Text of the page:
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Mariastein Abbey

Coordinates: 47°28′34″N 7°29′32″E / 47.47611°N 7.49222°E / 47.47611; 7.49222
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Mariastein Abbey
Miracle of Mariastein, by Meister E.S., 1543, in Mariastein Abbey church

Mariastein Abbey (Kloster Mariastein) is a Benedictine monastery in Metzerlen-Mariastein in the Canton of Solothurn, Switzerland.

Mariastein, after Einsiedeln, is the second most important place of pilgrimage in Switzerland. Over the Chapel of Grace ("Gnadenkapelle") now stands a late Gothic three-aisled basilica. The interior is Baroque and the entrance facade classicist.


Aerial view (1950)

Mariastein originated as a place of pilgrimage in the late 14th century, with the legend of a miracle of the Blessed Virgin Mary; a stone chapel was first definitely mentioned in 1434. The Augustinian hermits of Basel had charge of the site.

In 1648 Mariastein Abbey was established here with the relocation of the remnants of the failing community at Beinwil, and the foundation of the Benedictine abbey to house them. The abbey was extremely successful both as a revived Benedictine community and as promoters and custodians of the pilgrimage site, which assumed at that period its present importance.

The abbey was secularized twice, after 1792, because of the French Revolution from 1791 onwards. Since in France many citizens did not approve of the preachers there, they travelled to Mariastein and it was there where their French children received their baptism or marriages were sealed.[1] To this the French government opposed and threatened to sack the monastery, which led the Cantonal Government to send a civil governor to lead over the abbey, who prohibited public masses.[2] In 1798 troops commanded by the French General Balthazar Alexis Henri Schauenburg sacked the monastery and sent the monks into exile.[2] Only in 1802 the monks were permitted to return and re-establish the abbey.[3] As a result of a conflict between the state and the Roman Catholic Church, the monks were obliged to seek refuge in 1874; first in France, at Delle.[4] In 1902 they were expelled as a result of legal changes in France, for a short time at Dürrnberg near Hallein in Austria, and finally in Bregenz, also in Austria.[4] When the monastery at Bregenz was closed down by the Gestapo, the monks returned to Mariastein, where they were granted asylum in 1941.[4] After a referendum in 1970, the abbey was re-established on the 21 June 1971 with a ceremony during which the Landamman of the Canton of Solothurn Willi Ritschard returned the legal rights over the monastery to Abbot Basilius Niederbegrer.[4]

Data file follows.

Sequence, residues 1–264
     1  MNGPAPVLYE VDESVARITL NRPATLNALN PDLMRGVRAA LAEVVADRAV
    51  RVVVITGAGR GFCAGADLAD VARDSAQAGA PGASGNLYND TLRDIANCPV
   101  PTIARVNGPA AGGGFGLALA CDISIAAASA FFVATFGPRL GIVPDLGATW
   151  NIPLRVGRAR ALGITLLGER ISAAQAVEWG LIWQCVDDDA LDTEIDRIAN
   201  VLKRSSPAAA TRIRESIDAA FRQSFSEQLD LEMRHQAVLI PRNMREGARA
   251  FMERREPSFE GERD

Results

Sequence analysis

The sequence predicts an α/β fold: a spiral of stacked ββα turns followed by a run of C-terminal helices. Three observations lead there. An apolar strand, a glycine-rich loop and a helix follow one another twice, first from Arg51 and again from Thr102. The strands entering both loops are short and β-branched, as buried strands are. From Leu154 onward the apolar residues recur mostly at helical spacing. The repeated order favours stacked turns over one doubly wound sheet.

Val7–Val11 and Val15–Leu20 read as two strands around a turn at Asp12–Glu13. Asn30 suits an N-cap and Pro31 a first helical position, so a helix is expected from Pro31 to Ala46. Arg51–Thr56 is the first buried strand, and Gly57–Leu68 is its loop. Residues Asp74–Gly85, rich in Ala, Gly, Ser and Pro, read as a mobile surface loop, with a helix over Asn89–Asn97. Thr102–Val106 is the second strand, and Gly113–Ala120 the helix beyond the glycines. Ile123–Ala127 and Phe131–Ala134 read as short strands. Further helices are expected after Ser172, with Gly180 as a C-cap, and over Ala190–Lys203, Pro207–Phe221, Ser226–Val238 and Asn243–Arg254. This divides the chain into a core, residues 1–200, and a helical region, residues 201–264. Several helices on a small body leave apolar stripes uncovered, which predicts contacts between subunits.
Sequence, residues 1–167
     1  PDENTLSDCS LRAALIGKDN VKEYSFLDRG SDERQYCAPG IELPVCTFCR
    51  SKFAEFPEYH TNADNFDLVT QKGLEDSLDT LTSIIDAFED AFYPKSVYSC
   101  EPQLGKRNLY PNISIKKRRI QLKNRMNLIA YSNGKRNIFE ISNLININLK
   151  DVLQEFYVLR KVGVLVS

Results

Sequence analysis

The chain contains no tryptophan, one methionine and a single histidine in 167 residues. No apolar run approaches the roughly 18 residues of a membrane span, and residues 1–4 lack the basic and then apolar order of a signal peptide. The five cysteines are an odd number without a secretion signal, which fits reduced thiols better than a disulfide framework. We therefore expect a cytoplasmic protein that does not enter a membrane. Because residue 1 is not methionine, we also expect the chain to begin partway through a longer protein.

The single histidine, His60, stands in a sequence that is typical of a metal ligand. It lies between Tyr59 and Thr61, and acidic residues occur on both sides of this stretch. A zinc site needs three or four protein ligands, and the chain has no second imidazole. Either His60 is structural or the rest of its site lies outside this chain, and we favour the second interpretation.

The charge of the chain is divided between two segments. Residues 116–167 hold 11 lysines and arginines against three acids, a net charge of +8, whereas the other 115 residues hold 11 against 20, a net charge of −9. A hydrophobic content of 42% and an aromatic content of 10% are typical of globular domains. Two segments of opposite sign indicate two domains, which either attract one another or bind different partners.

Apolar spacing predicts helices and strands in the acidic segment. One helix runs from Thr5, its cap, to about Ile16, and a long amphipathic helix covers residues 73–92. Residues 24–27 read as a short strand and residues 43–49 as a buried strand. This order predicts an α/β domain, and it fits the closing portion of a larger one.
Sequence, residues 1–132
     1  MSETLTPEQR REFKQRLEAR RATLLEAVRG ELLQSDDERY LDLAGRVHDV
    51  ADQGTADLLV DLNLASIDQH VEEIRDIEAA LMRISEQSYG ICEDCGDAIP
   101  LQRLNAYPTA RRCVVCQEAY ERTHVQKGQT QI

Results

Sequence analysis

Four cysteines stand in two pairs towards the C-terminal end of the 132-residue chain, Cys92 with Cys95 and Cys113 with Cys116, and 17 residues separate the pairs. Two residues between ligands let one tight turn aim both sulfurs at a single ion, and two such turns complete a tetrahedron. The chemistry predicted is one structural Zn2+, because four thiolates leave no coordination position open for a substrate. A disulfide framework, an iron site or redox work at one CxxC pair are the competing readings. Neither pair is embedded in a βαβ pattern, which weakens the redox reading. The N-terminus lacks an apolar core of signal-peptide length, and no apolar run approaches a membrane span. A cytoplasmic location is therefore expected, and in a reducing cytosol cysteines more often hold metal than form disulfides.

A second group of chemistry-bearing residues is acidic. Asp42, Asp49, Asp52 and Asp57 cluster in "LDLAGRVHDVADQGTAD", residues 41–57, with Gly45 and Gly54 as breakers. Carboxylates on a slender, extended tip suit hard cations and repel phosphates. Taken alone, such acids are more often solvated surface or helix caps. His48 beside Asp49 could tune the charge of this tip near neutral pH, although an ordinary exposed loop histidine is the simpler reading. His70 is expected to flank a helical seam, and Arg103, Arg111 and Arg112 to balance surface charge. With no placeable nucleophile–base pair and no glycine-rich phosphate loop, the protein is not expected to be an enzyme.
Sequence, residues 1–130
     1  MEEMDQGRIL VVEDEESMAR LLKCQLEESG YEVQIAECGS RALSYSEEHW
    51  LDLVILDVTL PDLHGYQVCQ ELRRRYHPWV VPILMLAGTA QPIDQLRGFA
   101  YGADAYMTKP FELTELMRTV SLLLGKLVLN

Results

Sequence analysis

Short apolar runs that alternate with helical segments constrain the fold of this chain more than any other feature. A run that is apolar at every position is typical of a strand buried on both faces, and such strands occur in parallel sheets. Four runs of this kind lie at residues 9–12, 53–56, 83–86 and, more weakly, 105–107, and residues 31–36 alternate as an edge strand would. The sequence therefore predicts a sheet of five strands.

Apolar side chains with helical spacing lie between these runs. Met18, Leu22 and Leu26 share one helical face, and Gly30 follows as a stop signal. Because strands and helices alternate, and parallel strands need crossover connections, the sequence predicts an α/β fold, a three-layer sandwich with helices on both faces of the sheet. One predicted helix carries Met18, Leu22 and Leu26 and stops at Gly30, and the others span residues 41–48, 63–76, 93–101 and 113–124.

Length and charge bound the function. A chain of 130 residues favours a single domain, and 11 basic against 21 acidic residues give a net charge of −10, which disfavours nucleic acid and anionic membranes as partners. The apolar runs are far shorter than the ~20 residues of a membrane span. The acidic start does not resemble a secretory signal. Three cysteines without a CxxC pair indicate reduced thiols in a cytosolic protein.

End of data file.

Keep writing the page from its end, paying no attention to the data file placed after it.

The abbey has been a member of the Swiss Congregation, now a part of the Benedictine Confederation, since 1647.

See also[edit]


  1. ^ Haas, Hieronymus (1973). Wallfahrtsgeschichte von Mariastein. Mariastein: Editio de Consolatione. p. 82.
  2. ^ a b Haas, Hieronymus. (1973),p.83
  3. ^ Haas, Hieronymus. (1973),p.84
  4. ^ a b c d Zwahlen, Fränzi. "Kloster mariastein - Zuerst wurden die Mönche vertrieben, dann aber wieder willkommen geheissen". Solothurner Zeitung (in German). Retrieved 2023-04-22.

External links[edit]

47°28′34″N 7°29′32″E / 47.47611°N 7.49222°E / 47.47611; 7.49222